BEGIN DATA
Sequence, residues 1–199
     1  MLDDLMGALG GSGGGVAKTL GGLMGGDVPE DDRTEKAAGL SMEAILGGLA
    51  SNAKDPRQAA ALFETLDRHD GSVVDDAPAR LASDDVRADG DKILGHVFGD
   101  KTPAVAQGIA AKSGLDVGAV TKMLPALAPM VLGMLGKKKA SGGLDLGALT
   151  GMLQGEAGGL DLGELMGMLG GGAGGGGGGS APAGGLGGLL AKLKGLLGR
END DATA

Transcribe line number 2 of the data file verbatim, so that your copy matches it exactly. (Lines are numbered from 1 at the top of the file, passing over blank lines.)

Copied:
     1  MLDDLMGALG GSGGGVAKTL GGLMGGDVPE DDRTEKAAGL SMEAILGGLA